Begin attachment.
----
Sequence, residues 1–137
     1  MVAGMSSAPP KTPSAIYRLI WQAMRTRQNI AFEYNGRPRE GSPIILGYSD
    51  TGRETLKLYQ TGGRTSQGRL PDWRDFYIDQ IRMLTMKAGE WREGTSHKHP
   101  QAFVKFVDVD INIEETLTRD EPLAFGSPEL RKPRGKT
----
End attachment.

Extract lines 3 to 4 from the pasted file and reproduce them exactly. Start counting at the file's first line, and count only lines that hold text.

    51  TGRETLKLYQ TGGRTSQGRL PDWRDFYIDQ IRMLTMKAGE WREGTSHKHP
   101  QAFVKFVDVD INIEETLTRD EPLAFGSPEL RKPRGKT